Definition of labour in English:


Line breaks: la¦bour
Pronunciation: /ˈleɪbə
(US labor)


[mass noun]
  • 2 (Labour) [treated as singular or plural] The Labour Party: [as modifier]: the Labour leader
    More example sentences
    • They seem to think that the way to beat Labour is to be more Leftist than Labour!
    • South Swindon has a new Member of Parliament but the seat is still held by Labour.
    • Teresa Page was a hard-working councillor and Labour will be sad to see her go.


[no object] Back to top  
  • 2Have difficulty in doing something despite working hard: United laboured against confident opponents
    More example sentences
    • The home side struggled to overcome Edinburgh, but despite labouring for long periods the grit of the Irish forwards eventually saw them through.
    • He was laden with a heavy old radio and was labouring to keep up.
    • There had been a failure specifically to identify favourable material, but that was attributed to the difficulties under which the applicant has been labouring by reason of having been detained.
    strive, struggle, endeavour, work, try hard, make every effort, do one's best, do one's utmost, do all one can, give (it/something) one's all, go all out, fight, push, be at pains, put oneself out, apply oneself, exert oneself
  • 2.1 [with adverbial of direction] Move or proceed with difficulty: they laboured up a steep, tortuous track
    More example sentences
    • Our taxis, which had labored up the narrow, winding road, descended much more swiftly.
    • She labored up to the stoop, red face partially hidden by brown paper bags.
    • In the terrible heat, the fugitives labored up a tomb-lined slope toward Nuceria.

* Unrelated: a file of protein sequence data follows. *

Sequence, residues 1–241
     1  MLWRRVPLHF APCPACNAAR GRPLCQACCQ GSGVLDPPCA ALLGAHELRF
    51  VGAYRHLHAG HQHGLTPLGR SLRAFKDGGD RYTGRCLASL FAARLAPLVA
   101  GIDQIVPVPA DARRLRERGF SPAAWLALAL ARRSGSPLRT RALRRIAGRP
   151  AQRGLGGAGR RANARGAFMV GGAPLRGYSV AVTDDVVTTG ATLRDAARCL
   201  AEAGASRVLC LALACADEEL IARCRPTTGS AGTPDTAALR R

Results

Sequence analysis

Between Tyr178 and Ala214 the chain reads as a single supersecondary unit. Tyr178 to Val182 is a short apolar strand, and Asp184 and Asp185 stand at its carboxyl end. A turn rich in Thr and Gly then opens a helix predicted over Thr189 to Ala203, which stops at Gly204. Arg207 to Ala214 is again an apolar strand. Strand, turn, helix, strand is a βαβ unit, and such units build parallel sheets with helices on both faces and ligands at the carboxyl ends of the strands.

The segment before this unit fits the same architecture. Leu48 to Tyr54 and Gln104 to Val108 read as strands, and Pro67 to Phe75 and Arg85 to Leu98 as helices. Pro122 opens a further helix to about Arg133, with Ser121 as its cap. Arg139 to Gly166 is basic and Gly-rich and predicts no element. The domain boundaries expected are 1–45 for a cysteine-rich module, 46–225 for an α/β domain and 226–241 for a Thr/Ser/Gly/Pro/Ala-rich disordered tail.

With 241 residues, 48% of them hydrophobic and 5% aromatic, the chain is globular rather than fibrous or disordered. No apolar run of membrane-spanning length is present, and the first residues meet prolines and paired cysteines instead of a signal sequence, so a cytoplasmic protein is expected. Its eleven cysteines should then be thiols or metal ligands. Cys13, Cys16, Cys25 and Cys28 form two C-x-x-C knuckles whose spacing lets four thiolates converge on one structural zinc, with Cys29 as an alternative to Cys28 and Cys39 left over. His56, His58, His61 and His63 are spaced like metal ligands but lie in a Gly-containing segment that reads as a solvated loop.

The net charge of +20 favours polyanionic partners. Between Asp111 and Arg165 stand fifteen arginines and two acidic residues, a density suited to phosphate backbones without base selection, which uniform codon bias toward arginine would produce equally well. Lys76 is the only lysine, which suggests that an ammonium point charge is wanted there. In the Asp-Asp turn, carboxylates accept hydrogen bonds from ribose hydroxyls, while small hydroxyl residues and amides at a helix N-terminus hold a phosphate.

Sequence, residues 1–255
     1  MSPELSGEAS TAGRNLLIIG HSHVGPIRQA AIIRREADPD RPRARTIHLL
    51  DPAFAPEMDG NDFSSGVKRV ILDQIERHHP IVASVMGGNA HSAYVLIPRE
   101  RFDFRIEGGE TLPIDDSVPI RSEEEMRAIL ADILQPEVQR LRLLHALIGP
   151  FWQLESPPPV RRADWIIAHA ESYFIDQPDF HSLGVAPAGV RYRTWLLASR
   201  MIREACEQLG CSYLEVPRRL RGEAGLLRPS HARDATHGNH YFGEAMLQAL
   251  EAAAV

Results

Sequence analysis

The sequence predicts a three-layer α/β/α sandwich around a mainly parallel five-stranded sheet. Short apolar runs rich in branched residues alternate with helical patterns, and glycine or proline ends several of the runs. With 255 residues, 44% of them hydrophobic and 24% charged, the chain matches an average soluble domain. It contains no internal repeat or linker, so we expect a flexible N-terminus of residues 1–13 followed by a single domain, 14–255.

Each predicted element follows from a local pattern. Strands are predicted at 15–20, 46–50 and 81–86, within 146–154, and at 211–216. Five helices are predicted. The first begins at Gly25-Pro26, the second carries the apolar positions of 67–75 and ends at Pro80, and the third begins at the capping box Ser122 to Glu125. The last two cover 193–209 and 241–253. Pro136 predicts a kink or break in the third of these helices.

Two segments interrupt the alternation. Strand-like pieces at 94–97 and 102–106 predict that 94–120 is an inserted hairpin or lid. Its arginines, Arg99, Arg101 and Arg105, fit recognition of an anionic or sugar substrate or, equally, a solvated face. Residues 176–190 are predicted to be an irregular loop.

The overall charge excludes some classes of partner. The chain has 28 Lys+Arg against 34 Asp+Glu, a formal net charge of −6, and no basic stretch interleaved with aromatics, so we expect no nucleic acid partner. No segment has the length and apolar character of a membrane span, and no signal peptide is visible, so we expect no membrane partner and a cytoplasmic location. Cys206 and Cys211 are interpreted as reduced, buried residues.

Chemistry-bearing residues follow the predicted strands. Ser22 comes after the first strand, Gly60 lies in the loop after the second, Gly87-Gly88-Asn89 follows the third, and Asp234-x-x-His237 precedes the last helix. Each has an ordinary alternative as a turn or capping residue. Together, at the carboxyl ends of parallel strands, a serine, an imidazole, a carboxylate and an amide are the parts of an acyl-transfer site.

• 2.2(Of an engine) work noisily and with difficulty: the wheels churned, the engine labouring
    More example sentences
    • He felt the engine laboring, gathering speed slowly, the breakdown lane narrowing rapidly ahead.
    • She turned on her radar detector and slid up to a hundred and five, riding easily, her huge engine hardly laboring as she raced through the night.
    • The engines labored to push the bulky ship off the side of the building and into the air.
  • 2.3(Of a ship) roll or pitch heavily: (as adjective labouring) occasionally the labouring ship spat the caulking from some underwater seam
    More example sentences
    • The waves were strong, The Heart of Isis laboured heavily and the men were tested sorely, but by nightfall they had cleared the island without finding safe harbor.


a labour of Hercules

a labour of love

A task done for pleasure, not reward: he spent eight years rebuilding the house—a labour of love
More example sentences
  • You're right, it was a labor of love.
  • These and the other films scheduled have all been labours of love.
  • Since I usually get paid by the word (except for labours of love, of course, like this review), I'm all in favour of that.

labour the point

Explain or discuss something at excessive length.
More example sentences
  • The council labours the point that the benchmark return for a company is the ‘risk-free’ return shareholders could earn on their investment.
  • In my own writings, I have always laboured the point that beer can be used in many different ways: as a marinade, in braising, sauces, batters, doughs, and so forth.
  • If I am labouring the point it is for a reason.
overemphasize, belabour, overstress, place/lay too much emphasis on, overdo, strain, over-elaborate, overplay, attach too much importance/weight to, make too much of, exaggerate, dwell on, harp on (about), expound on, expand

Phrasal verbs

labour under

  • 1Carry (a very heavy load) with difficulty: two servants appeared, labouring under the weight of a kitchen table
  • 2Be misled by (a mistaken belief): you’ve been labouring under a misapprehension
    More example sentences
    • I'm always open to listening to new artists, labouring under the belief that all artists were at some point new and that they had to be given their fair shake.
    • I think they are laboring under the belief that the state has put up everything they've got to show, that Amber's the icing on the cake.
    • I was marginally shocked when they sat down beside me; I was still labouring under the belief that guys were way too cool to sit cross - legged, especially on the grass.
    suffer from, be a victim of, be burdened by, be overburdened by, be disadvantaged by, be under


Middle English: from Old French labour (noun), labourer (verb), both from Latin labor 'toil, trouble'.

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